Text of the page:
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27 May, 2021 11:20

Tennis star Osaka accused of ‘grandstanding’ & ‘hypocrisy’ as she REFUSES to do interviews at French Open citing ‘mental health’

Tennis star Osaka accused of ‘grandstanding’ & ‘hypocrisy’ as she REFUSES to do interviews at French Open citing ‘mental health’

Japan’s Naomi Osaka has ruled out doing press conferences at the French Open after claiming the media ‘have no regard for athletes’ mental health’ – but has faced claims of ‘grandstanding’ and ‘hypocrisy’ over the step.

Osaka, the world's second ranked women's tennis player, said that her unwillingness to do press throughout the tournament was "nothing personal" to the leagues of media who are tasked with providing coverage at Roland Garros, adding that players being forced to discuss losses with reporters was little more than "kicking a person while they’re down". 

"I’m writing this to say I’m not going to do any press during Roland Garros," Osaka, who has won four Grand Slam titles, announced on social media.

"I’ve often felt that people have no regard for athletes’ mental health and this rings true whenever I see a press conference or partake in one.

"We’re often sat there and asked questions that we’ve been asked multiple times before or asked questions that bring doubt into our minds and I’m just not going to subject myself to people that doubt me," she added.

Her stance was underscored online by Venus Williams, who responded by saying, "Girl, do you. Your life is yours to live!"

However, tournament organizers don't often take too kindly to its stars refusing to play nice with the media.

In January, American player Christian Harrison was issued with a fine of $3,000 by the ATP after he refused a mandatory on-court interview at the Delray Beach Open after a disagreement over mask wearing.

Some reports indicate that Osaka could be setting herself up for a fine of up to $20,000 for each no-show – and she added in her statement that she hopes the "considerable amount" she anticipates being fined will be used as a charitable donation towards mental health charities.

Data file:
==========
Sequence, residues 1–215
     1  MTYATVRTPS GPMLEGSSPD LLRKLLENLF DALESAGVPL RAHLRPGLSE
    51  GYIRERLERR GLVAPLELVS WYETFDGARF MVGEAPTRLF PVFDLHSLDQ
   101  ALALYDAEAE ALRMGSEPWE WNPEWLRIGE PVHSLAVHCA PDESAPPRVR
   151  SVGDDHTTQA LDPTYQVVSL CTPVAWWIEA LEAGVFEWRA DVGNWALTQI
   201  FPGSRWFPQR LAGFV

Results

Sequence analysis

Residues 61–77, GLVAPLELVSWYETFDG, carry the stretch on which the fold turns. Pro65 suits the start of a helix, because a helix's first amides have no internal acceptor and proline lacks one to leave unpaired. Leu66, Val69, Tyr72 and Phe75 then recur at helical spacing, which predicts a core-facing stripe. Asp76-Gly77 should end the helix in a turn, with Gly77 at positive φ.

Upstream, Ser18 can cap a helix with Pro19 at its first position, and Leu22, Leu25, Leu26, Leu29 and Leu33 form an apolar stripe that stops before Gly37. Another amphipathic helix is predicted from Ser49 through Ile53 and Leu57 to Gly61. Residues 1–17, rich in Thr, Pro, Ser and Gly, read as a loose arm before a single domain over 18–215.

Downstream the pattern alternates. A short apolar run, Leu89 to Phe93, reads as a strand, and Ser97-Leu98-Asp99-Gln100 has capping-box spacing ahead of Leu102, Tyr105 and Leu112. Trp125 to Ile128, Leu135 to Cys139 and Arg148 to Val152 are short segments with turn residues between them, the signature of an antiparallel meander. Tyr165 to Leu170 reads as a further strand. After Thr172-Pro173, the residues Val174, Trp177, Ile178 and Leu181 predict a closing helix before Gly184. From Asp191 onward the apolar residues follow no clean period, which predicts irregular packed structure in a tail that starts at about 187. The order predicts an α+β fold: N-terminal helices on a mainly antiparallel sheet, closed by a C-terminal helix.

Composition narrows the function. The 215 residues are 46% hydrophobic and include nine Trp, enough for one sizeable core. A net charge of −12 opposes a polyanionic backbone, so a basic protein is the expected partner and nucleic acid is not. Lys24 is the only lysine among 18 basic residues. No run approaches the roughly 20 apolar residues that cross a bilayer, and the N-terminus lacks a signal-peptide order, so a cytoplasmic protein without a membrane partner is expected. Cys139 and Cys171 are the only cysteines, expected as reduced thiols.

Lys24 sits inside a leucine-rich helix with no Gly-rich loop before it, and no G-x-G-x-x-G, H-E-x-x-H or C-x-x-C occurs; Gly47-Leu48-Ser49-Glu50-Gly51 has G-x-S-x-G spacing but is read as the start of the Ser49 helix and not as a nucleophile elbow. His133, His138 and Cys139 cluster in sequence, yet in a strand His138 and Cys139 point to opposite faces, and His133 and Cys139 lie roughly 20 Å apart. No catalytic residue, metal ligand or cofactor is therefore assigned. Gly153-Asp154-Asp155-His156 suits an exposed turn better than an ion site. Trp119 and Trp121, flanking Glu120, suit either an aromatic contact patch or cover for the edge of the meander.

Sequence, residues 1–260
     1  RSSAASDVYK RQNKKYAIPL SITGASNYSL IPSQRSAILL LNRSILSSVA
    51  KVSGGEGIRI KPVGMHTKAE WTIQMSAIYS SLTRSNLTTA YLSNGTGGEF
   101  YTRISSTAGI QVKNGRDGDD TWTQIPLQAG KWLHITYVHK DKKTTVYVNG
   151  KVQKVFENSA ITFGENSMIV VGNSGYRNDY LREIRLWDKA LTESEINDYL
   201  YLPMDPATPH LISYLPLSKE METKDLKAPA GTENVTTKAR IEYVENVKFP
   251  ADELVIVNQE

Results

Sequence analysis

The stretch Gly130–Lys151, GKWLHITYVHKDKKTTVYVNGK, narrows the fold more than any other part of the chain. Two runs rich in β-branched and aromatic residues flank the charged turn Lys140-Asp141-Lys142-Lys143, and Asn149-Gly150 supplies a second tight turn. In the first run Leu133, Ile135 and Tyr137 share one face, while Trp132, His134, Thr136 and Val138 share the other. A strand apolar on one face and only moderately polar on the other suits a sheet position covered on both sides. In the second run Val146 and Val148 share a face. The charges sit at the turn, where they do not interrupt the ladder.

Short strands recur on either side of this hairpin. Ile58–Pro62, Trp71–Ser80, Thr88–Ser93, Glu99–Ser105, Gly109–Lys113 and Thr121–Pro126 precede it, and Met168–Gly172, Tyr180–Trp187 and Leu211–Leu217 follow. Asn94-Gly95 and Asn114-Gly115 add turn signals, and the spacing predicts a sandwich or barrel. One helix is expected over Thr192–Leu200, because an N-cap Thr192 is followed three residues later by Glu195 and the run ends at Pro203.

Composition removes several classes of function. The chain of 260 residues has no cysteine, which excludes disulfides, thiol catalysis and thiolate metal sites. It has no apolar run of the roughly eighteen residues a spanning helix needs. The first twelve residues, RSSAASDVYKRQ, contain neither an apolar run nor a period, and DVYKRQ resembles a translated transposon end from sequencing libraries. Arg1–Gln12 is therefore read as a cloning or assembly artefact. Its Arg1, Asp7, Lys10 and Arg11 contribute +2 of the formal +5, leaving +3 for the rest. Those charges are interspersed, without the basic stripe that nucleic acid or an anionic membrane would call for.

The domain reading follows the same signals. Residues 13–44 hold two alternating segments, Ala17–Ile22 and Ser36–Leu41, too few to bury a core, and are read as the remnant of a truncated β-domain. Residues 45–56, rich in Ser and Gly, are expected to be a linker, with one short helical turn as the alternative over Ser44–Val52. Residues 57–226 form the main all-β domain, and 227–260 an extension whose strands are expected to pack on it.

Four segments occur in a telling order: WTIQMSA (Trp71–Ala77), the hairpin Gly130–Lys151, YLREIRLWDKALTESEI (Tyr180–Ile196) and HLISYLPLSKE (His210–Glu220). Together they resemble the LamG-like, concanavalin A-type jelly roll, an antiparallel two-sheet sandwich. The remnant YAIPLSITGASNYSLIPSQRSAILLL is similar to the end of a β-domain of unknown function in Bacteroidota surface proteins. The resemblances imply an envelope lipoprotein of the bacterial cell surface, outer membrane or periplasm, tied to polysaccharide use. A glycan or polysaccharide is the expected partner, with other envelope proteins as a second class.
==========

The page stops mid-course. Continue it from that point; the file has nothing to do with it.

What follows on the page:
Osaka also tweeted an infamous video of former NFL player Marshawn Lynch repeatedly saying "I'm just here so I don't get fined" at a press conference several years ago.


The 23-year-old player – who last year was named the world's highest-paid female athlete with earnings of more than $37 million – has also used her platform to recognize social issues in the past, including highlighting the debate are police brutality and social inequality amid the wave of George Floyd protests last summer. 

Osaka's stance, though, hasn't been universally accepted. Several detractors have pointed out that, like it or lump it, speaking to the media is just part of the deal when it comes to a career in professional sports – regardless if that comes after victory or defeat.

And in order to have the type of platform from which she can use her position to influence issues close to her heart, such as she did by her endorsement of the Floyd protests a year ago, playing the media game is an occasionally unfortunate but necessary obligation.

"I sure most of us have aspects of our jobs that cause us more stress than others," one fan reacted on Twitter.

"Unfortunately most of us also don’t have the means to say fine I won’t do this part anymore because it stresses me out and ‘mental health’ comes first. Instead we compromise to find a win win."

Another person wrote: "I will not be participating in any conference calls going forward due to my mental health. Yeah that probably won’t go over well. It’s my job as is it hers in a different forum."

A third shot back at another commenter who wrote that they were impressed with Osaka's energy in speaking out against media obligations.

"The 'when I encounter a difficult part of my job, as everyone else does, I just won’t do it' energy?" they wrote.

As others noted online, Osaka may have lost view of the fact that she is an entertainer – and that denying fans access to her thoughts after a high-profile match, regardless of in defeat or victory, only serves to increase the disconnect between fan and athlete.

"Not to sound like a jerk, but when do athletes realize that they are entertainers?" another noted online.

"Since athletes have been positioning themselves as 'entertainers' no different from musicians or movie stars, refusing press was inevitable. They perform. Once it’s over, they’ve fulfilled their public obligation," argued another.

"She could just do the press & donate the money she can afford to pay in fines - MOST CAN'T AFFORD IT - to mental health charities," wrote another. 

"This is ridiculous grand-standing. Why doesn't she fight for ALL PLAYERS like #PTPA are trying to do? This should be a union issue not a personal one."

Elsewhere, former Australian tennis star Sam Groth said Osaka's stance "reeks of hypocrisy" considering the media benefits she enjoys.